Your assertion that the fault lies entirely in the design of the dog fence is also not proven until you have checked out whether there is some fault in the fence equipment, or in your mains wiring or the recording equipment. Would you really expect a dog fence to be energised with steady DC?

    Perhaps your next step would be to try to get some evidence on how the interference is reaching your equipment, for instance by the field from the fence interacting directly with your equipment, or if interference is really getting in from the mains. Is it possible to power the fence from a battery, at least for long enough to make a test?

    In the end, particularly if you are unfamiliar with test equipment, it may pay you to obtain the services of a local engineer to check over your recording set-up. Apart from the lack of surge protection, there may be some problem with shielding, or ground loops (the latter are not necessarily prevented by having satisfactory safety earthing).
     
    Last edited: Jan 4, 2012
  6. R!f@@

    AAC Fanatic!

    Apr 2, 2009
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    Line interference is really hard to determine and filter out. We cannot assume anything by talking. You have to do some practical work to find out whether the interference in being injected through the mains of ur units or through the grounding.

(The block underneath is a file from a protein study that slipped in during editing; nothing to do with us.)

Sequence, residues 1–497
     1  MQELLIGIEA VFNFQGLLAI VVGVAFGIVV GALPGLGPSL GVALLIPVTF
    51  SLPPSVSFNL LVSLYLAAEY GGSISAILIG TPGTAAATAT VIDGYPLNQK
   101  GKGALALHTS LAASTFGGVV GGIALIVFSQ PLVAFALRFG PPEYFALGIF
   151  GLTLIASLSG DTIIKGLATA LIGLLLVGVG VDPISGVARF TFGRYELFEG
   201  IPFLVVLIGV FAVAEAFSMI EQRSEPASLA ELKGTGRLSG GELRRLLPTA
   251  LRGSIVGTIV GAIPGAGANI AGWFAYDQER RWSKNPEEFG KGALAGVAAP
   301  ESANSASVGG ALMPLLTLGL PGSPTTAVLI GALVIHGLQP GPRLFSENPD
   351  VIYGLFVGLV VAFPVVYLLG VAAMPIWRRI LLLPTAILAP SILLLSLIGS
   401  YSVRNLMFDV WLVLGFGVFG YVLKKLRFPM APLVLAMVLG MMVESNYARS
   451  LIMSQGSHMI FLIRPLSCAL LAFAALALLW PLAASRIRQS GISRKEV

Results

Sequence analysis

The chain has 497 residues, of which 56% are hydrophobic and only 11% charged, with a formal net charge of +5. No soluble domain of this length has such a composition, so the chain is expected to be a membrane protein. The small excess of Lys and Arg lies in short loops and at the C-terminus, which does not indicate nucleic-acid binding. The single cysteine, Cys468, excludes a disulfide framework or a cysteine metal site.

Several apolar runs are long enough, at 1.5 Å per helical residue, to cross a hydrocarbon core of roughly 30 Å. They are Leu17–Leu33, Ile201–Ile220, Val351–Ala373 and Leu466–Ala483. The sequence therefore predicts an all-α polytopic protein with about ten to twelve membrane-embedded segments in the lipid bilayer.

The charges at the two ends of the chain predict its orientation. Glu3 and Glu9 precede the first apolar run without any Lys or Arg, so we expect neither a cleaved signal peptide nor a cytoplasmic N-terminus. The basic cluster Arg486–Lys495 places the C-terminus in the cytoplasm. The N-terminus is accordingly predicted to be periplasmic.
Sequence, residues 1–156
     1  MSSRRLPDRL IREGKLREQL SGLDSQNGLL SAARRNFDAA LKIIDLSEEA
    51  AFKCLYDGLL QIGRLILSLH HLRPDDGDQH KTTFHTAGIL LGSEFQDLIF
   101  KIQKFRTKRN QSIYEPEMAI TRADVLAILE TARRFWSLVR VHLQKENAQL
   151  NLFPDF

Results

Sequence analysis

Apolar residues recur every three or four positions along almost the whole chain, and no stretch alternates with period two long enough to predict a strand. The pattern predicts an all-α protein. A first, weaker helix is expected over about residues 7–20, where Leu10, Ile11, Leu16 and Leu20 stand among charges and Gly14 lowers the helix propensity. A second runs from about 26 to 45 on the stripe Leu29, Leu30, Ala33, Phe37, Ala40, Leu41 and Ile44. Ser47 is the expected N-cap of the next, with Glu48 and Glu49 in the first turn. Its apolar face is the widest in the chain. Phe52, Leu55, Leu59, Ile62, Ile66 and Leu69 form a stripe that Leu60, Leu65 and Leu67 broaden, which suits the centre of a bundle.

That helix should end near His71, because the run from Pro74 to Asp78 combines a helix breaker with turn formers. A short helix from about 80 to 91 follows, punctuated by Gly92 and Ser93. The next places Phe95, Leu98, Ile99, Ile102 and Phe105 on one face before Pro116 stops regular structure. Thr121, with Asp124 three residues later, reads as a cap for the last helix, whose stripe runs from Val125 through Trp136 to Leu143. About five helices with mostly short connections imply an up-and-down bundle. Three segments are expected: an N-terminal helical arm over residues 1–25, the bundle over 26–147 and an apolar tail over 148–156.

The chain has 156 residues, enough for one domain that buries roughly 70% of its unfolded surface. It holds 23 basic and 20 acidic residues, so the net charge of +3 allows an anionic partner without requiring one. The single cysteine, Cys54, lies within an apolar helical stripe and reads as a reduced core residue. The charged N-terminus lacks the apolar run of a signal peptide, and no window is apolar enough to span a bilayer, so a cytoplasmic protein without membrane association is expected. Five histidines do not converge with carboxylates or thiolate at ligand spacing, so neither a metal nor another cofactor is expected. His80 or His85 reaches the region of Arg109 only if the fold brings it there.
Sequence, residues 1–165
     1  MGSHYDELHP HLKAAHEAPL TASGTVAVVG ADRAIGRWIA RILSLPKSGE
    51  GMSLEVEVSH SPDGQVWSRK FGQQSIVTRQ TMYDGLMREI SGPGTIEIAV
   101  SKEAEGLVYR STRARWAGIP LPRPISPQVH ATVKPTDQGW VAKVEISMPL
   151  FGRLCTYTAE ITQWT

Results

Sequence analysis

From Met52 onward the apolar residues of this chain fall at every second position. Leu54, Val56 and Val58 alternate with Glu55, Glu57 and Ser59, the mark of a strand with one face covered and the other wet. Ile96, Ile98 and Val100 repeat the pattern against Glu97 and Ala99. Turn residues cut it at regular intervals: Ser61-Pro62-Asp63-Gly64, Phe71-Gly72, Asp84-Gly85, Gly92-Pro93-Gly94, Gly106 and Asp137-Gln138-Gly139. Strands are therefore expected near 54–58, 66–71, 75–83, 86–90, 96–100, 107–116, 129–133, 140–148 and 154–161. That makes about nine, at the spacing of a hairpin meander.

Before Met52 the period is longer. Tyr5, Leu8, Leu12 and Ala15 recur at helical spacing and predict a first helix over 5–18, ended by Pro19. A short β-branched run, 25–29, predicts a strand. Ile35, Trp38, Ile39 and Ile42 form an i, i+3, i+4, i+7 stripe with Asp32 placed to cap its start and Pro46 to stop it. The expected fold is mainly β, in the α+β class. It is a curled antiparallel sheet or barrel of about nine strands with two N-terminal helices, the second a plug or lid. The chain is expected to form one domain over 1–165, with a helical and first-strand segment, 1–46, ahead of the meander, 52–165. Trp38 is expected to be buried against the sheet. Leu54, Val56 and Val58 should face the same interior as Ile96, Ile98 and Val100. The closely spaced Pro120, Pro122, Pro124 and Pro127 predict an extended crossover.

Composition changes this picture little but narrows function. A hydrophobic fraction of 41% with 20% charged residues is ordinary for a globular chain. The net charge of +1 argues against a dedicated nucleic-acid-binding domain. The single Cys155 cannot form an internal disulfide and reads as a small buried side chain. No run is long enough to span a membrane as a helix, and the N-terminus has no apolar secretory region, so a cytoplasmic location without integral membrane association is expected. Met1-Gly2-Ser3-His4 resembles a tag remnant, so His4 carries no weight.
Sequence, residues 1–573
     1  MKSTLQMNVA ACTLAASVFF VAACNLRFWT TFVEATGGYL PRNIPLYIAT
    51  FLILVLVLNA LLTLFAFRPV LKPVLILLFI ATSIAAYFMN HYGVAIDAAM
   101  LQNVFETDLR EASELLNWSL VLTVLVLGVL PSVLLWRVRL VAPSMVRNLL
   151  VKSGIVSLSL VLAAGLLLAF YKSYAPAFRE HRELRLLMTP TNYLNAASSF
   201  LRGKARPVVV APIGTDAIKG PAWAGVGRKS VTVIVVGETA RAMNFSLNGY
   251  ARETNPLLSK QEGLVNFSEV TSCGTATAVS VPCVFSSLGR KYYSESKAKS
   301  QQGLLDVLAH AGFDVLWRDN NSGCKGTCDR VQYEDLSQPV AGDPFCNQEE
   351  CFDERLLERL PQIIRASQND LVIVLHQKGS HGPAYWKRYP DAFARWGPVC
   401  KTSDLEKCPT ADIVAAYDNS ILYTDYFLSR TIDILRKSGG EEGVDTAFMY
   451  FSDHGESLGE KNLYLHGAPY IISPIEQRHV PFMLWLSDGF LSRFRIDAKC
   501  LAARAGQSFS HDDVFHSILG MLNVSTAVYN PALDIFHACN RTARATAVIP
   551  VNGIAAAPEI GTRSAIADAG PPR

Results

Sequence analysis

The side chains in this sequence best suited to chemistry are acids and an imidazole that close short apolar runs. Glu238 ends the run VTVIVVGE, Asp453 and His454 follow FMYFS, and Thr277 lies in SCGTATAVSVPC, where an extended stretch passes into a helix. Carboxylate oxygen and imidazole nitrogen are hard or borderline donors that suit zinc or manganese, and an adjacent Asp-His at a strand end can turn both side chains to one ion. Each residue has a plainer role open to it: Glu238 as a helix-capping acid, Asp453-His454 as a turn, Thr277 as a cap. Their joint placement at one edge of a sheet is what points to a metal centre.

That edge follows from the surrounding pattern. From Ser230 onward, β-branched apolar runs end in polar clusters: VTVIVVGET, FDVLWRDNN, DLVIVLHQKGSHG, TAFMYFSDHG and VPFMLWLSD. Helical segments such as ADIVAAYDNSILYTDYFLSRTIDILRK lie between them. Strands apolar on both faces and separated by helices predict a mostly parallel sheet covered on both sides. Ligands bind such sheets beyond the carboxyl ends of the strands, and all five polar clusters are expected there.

You have to carry out one by one.

    For this we I need to know the type of ur equipment and how they are wired.

    What king of surge arrestors you are using and what are the line noise suppressors that you use.

    What kind of termination is being used in the Audio interconnects.

    You need to show us these things.
     
  7. Gavindale

    Thread Starter New Member

    Jan 2, 2012
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    I am now beginning to understand the border wire questions. You think that the DC current is building up and then discharging into the ground thus causing the pulse. I can assure you this is not the case. I knew this but checked with the manufacturer also. The unit is well grounded, the border wire is fine. The design is to send DC pulses and not a steady signal. This issue has been present since installation.
    The recording studio is still being constructed. Therefore no recording equipment is even in the picture at this time.
    This is a blowout remodel with the dog fence the only constant. I have always had the problem as it shows up when any guitar amp is plugged into the same circuit.
    It seems that my problem is not a diagnostic one but a straight question as to how to isolate this one "wall wart" transformer backfeeding signal to my breaker box. I have tried a "Monster" 2000 surge protector/signal filter but after calling I was told that their unit was not designed to correct a problem like this.
    I hope that clarifies my problem. A known cause looking for a straightforward solution. Thank you everybody!
     
  8. R!f@@

    AAC Fanatic!

    Apr 2, 2009
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    Then for this U need a scope to measure the noise
     
  9. Gavindale

    Thread Starter New Member